Apenas como um adicional ao texto, Bill Gates disse em sua formatura que "Os
maiores avanços para a humanidade não estão nas descobertas, mas em como
essas descobertas serão aplicadas para reduzir as desigualdades"


St. Louis

WHAT a difference 16 years makes. Last month, the technology world was abuzz
over an interview in Fortune magazine in which Bradford Smith, Microsoft's
general counsel, accused users and developers of various free software
products of patent infringement and demanded royalties. Indeed, in recent
years, Mr. Smith has argued that patents are essential to technological
breakthroughs in software.

Microsoft sang a very different tune in 1991. In a memo to his senior
executives, Bill Gates wrote, "If people had understood how patents would be
granted when most of today's ideas were invented, and had taken out patents,
the industry would be at a complete standstill today." Mr. Gates worried
that "some large company will patent some obvious thing" and use the patent
to "take as much of our profits as they want."

Mr. Gates wrote his 1991 memo shortly after the courts began allowing
patents on software in the 1980s. At the time Microsoft was a growing
company challenging entrenched incumbents like I.B.M. and Novell. It had
only eight patents to its name. Recognizing the threat to his company, Mr.
Gates initiated an aggressive patenting program. Today Microsoft holds more
than 6,000 patents.

It's not surprising that Microsoft — now an entrenched incumbent — has had a
change of heart. But Mr. Gates was right in 1991: patents are bad for the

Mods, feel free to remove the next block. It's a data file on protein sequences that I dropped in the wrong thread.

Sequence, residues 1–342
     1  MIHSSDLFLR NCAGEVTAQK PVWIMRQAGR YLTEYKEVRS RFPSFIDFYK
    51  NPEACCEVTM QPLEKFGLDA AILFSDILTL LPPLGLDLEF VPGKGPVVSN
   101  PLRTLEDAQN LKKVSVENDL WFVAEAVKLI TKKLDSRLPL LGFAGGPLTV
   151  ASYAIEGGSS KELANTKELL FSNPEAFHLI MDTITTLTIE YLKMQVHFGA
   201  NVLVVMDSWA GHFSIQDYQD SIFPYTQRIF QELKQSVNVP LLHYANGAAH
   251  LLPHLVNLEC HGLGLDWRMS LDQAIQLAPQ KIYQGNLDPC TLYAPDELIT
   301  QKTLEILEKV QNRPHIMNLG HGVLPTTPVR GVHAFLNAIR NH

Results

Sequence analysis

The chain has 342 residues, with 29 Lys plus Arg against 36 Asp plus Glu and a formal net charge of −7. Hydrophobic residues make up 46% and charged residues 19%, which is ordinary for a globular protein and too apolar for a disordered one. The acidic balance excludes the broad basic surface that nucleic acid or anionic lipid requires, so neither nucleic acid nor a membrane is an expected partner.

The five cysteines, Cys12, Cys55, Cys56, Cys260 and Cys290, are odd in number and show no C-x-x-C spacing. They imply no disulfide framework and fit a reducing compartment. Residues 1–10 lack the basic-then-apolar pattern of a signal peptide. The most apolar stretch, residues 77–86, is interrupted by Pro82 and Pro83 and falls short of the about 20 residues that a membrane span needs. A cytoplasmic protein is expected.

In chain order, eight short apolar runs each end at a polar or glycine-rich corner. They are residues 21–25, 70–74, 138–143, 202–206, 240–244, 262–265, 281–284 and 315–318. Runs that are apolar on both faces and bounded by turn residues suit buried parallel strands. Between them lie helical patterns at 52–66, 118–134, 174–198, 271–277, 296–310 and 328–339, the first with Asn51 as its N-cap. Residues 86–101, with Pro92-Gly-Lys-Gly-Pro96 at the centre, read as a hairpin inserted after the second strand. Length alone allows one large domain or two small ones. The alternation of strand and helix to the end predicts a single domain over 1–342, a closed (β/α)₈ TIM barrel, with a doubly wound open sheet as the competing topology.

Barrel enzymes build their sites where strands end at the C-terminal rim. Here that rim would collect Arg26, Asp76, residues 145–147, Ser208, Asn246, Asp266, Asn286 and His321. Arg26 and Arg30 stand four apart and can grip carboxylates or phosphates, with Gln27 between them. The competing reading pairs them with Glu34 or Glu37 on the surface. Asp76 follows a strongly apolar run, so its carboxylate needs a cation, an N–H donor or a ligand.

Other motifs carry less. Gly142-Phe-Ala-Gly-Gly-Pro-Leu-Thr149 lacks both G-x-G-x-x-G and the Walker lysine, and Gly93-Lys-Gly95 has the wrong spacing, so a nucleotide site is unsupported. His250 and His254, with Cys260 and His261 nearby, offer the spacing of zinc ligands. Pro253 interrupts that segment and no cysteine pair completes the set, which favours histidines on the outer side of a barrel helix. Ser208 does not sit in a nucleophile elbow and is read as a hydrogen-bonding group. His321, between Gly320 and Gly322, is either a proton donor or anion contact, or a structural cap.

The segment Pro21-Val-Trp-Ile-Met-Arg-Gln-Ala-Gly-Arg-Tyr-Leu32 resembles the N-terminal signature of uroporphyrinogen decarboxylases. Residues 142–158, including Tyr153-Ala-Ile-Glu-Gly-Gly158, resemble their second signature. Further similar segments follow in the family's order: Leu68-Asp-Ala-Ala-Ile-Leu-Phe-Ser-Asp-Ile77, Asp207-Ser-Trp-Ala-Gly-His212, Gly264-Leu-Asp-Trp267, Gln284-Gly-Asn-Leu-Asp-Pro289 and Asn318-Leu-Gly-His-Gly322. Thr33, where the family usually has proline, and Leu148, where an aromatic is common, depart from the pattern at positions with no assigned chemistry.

software industry. Nothing illustrates that better than the conflict between
Verizon and Vonage.

Vonage developed one of the first Internet telephone services and has
attracted more than two million customers. But last year, Verizon — one of
Vonage's biggest competitors — sued for patent infringement and won a
verdict in its favor in March.

The Gates memo predicted that a large company would "patent some obvious
thing," and that's exactly what Verizon has done. Two of its patents cover
the concept of translating phone numbers into Internet addresses. It is
virtually impossible to create a consumer-friendly Internet telephone
product without doing that. So if Verizon prevails on appeal, it will
probably be able to drive Vonage out of business. Consumers will suffer from
fewer choices and higher prices, and future competitors will be reluctant to
enter markets dominated by patents.

But don't software companies need patent protection? In fact, companies,
especially those that are focused on innovation, don't: software is already
protected by copyright law, and there's no reason any industry needs both
types of protection. The rules of copyright are simpler and protection is
available to everyone at very low cost. In contrast, the patent system is
cumbersome and expensive. Applying for patents and conducting patent
searches can cost tens of thousands of dollars. That is not a huge burden
for large companies like Microsoft, but it can be a serious burden for the
small start-up firms that produce some of the most important software

Yet, as the Vonage case demonstrates, participating in the patent system is
not optional. Independent invention is not a defense to patent infringement,
and large software companies now hold so many patents that it is almost
impossible to create useful software without infringing some of them.
Therefore, the only means of self-defense is the one Mr. Gates identified 16
years ago: stockpile patents to use as bargaining chips in litigation.
Vonage didn't do that, and it's now paying a very high price.

Only patent lawyers benefit from this kind of arms race. And Microsoft's own
history contradicts Mr. Smith's claim that patents are essential for
technological breakthroughs: Microsoft produced lots of innovative software
before it received its first software patent in 1988. As more and more
lawsuits rock the industry, we should ask if software patents are stifling
innovation. Bill Gates certainly thought so in 1991, even if he won't admit
it today.

Timothy B. Lee is an adjunct scholar at the Cato Institute.


Guilherme H. S. Ostrock
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